7 Points To Consider When Burying A Coaxial Cable Outside
1. Not all coaxial cables are intended for direct burial.
There are many types of coax cable, some of which are intended to be buried directly in the ground and others which are not.
If you look at the cable and see the words “direct bury” on the cable, you can proceed to bury it without the need for a conduit in that location. It is fairly uncommon for cables that are not intended for burial to quickly degrade when exposed to soil and moisture.
2. Conduit should be installed.
However, if your cable does not have the words “direct bury” printed on it, you should not bury it without first feeding it through an appropriate waterproof conduit.
A 3/4 to 1 inch PVC pipe makes a great conduit, and it can be brought up out of the ground with the help of a flexible elbow connector.
Once the conduit has been raised out of the ground, it should be terminated in a position that is facing down or sideways in order to prevent snow and rain from entering the pipe.
To do this, it is possible that you may need to add an extra elbow. As an additional precaution, you can utilize a conduit to bury direct buried cable as well.
3. Make use of water-resistant coax connectors and sealants.
Always check to see that all of your connectors are marked as watertight. As further measures, you may use a coax connector sealer and even put a weatherproof shrinking tube over your connections to guarantee that they are watertight.
Certain sealants are designed particularly for cables and electronics, and it is not recommended that you use home sealants on these items. This product may be available at your local hardware or electronics store.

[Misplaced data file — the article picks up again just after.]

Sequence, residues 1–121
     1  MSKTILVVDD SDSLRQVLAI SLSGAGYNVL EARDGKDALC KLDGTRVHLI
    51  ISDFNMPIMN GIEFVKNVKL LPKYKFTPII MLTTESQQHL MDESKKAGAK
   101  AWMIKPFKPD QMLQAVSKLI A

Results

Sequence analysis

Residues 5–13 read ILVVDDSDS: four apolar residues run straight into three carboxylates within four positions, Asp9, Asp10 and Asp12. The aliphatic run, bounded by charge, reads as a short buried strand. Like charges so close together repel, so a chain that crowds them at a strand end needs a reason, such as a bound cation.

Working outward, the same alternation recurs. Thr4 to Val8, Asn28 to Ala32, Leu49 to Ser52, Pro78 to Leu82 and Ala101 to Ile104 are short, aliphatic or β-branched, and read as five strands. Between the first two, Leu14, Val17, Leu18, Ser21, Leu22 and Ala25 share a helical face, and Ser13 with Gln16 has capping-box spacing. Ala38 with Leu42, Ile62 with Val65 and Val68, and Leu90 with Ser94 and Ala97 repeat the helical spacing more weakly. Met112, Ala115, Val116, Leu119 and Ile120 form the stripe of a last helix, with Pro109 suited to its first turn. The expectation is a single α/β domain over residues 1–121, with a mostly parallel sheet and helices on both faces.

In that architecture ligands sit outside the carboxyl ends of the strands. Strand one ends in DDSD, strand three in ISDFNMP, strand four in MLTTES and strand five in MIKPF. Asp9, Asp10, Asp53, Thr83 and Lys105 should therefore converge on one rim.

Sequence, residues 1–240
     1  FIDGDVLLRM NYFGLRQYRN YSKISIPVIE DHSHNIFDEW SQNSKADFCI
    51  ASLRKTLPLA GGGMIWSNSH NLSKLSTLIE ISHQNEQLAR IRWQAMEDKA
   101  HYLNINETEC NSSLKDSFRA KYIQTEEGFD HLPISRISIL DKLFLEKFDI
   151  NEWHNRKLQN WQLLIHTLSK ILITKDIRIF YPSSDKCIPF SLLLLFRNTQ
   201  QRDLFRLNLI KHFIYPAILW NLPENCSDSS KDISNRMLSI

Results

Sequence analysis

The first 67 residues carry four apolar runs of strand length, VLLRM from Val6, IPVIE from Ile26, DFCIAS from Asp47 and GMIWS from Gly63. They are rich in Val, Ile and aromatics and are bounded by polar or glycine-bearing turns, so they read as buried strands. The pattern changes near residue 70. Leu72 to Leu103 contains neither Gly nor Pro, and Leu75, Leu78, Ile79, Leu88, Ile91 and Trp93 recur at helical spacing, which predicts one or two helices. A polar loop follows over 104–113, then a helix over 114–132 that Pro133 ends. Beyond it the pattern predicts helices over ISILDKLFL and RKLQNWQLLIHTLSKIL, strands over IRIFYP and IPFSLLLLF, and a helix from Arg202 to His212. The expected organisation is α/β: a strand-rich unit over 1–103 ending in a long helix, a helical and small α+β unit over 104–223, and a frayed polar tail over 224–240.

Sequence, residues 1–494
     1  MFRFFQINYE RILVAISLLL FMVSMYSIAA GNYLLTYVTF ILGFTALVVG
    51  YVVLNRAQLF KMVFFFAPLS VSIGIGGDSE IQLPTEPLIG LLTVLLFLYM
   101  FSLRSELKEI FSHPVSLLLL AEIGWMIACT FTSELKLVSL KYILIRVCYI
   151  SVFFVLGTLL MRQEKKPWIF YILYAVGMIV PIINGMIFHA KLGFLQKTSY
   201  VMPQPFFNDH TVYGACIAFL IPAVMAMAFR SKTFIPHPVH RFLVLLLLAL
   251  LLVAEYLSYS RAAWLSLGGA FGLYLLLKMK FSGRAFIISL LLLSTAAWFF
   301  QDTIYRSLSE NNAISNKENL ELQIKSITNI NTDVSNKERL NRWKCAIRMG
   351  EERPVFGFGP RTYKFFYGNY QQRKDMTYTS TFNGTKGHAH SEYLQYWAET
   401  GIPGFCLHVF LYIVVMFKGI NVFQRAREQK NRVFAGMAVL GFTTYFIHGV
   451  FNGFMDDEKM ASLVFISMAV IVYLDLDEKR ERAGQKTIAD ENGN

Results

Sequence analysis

4. Make a Phone Call Before You Dig
Request that a representative from your local utility company visit your home and label all of the underground wires and cables.
They will identify the different cable kinds on your property with different colors of landscape paint and flag your property.
A few rain showers will wash away much of the paint, but they will leave behind a rough sketch of the scene. The best thing is that it’s completely free of charge. You will most likely have to wait 2 to 3 days, so make sure to prepare ahead of time.
5. Cable Depth (Inches)
It is recommended that you bury your cable around 18 inches deep. As the last step, contact the office of municipal codes in your city to find out whether there is a municipal code that defines the depth of buried cable.
Some localities demand a minimum depth of 24 inches.
6. Make use of a Trenching Shovel or Trenching Hoe to break up the soil.
A hand trenching tool should be sufficient for the needs of a typical homeowner in most cases. Trenching machines are extremely dangerous and should only be operated by those who are well-versed in their operation and who have plenty of elbow room to maneuver.